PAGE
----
DOD places orders for school supplies: 3,600 PCs with DVD drives for plebes

DOD places orders for school supplies: 3,600 PCs with DVD drives for plebes

Doug Afdahl

By Bill Murray

GCN Staff

Amid the rush of final exams and graduation late last month, officials at the three Defense Department service academies were issuing delivery orders for up to 3,600 desktop PCs with DVD-ROM drives for incoming students.

The Air Force Academy and Naval Academy chose Dell PCs; small-business vendor DTK Computer Inc. of Chantilly, Va., grabbed the U.S. Military Academy's delivery order.

The Air Force invited only General Services Administration Information Technology Schedule contract holders to bid, and the Military Academy made its purchase through DTK's IT Schedule contract. The schools generally do not have to follow Federal Acquisition Regulations because the students eventually pay for the computers.

We take advantage of the FAR and try to follow them' in the Naval Academy's best-value PC buys, said Doug Afdahl, executive director of IT services at the academy in Annapolis, Md.

In some cases academies bought PCs from vendors' government sales divisions; in others they bought through local resellers or vendors' education divisions.

Requests for proposals generally come out in January and February, after faculty committee meetings that determine new students' four-year technical requirements for each academic discipline.

Meanwhile, Coast Guard Academy officials are buying up to 320 IBM ThinkPad 390 notebook PCs, said Lt. Cmdr. Chris Kmiecik, chief of information systems at the academy in New London, Conn.

The Merchant Marine Academy, which has used the same supplier for three years, is buying 290 300-MHz Pentium II Versa LX notebook PCs from Packard Bell NEC Inc. of Westlake Village, Calif., said Joseph J. Puglisi, director of the Office of Computer Resources in Kings Point, N.Y. The PCs run Microsoft Windows 98 and Office 2000, and come with 128M of RAM, 4.3G hard drives, 13.3-inch displays, DVD-ROM drives and 10/100-Mbps network interface cards.

Ship's shapes

Officers trained at the academy work in the maritime industry on oil rigs, tankers and container ships as engineers and navigators but serve in the Navy during wartime.

On June 9, Military Academy officials signed a $1.97 million contract with DTK to buy 1,200 systems, said Pat Campbell, a contracting officer at West Point, N.Y. The 450-MHz Pentium III midtower systems feature 128M of dual in-line memory module RAM, 10.2G Ultra ATA IDE hard drives, Ethernet cards and 4.8X DVD-ROM drives with MPEG II hardware decoder cards, she said.

DTK, which prevailed over four other vendors, is also supplying the academy with 17-inch Sony Trinitron SuperVGA monitors and Intel LANDesk client 2.0 software, Campbell said.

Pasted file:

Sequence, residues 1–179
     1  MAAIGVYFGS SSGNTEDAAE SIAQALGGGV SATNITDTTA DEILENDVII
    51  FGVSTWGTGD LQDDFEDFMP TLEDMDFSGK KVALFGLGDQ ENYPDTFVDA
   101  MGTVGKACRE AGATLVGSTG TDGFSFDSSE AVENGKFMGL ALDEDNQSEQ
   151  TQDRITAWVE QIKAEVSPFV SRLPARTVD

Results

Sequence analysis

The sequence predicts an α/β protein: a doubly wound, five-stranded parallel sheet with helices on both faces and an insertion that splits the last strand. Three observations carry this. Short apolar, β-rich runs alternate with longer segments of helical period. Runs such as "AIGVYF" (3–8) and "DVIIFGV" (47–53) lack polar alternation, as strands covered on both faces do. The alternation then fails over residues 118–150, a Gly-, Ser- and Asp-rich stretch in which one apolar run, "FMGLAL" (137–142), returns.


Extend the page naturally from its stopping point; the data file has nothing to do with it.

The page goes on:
After buying PCs from Applied Computer Technology of Fort Collins, Colo., for four years, the Air Force Academy last month bought 1,200 Dell Workstation 210s with 128M of error-correcting code synchronous dynamic RAM and 13G IBM hard drives, said Larry Bryant, director of academic computing at the school in Colorado Springs, Colo. The academy made the buy through GSA's Federal Acquisition Services for Technology regional office in Denver, he said.

The $1,599 systems come with 17-inch monitors, 3Com 10/100-Mbps Ethernet connectors and 16M video cards. Academy officials will load Windows 98 on the systems.

These are college kids. They are going to play games,' said Bryant, explaining why the academy decided not to go with Windows NT Workstation 4.0, the platform preferred by most Dell Workstation 210 buyers. 'DVD is not supported well by NT,' he said.

Academy officials favored the PCs' expandable cases and motherboards, Bryant said. Three DIMMs can be added to each computer, along with an additional internal hard drive and a CD-ROM writer, he said. Software costs about $100 extra per computer, and the Air Force'like the Military Academy'is buying it through Microsoft's campuswide license.

No to notebooks

Air Force Academy officials considered buying notebook PCs but decided against them because of cost, ergonomics, maintenance, obsolescence and security, Bryant said.

The Naval Academy last month bought 1,150 Dell OptiPlex GX1 PCs that run Windows 98 and have 450-MHz Pentium II processors with 128M of RAM and 10G hard drives. The PCs have 17-inch monitors, DVD-ROM drives and switched 10/100-Mbps Ethernet NICs to connect with the 10,000-node asynchronous transfer mode campus network, he said.

Since 1986, each West Point plebe who enrolls in the fall has received a PC, said Lt. Col. Gene Ressler, associate dean for the Information and Educational Technology Division.

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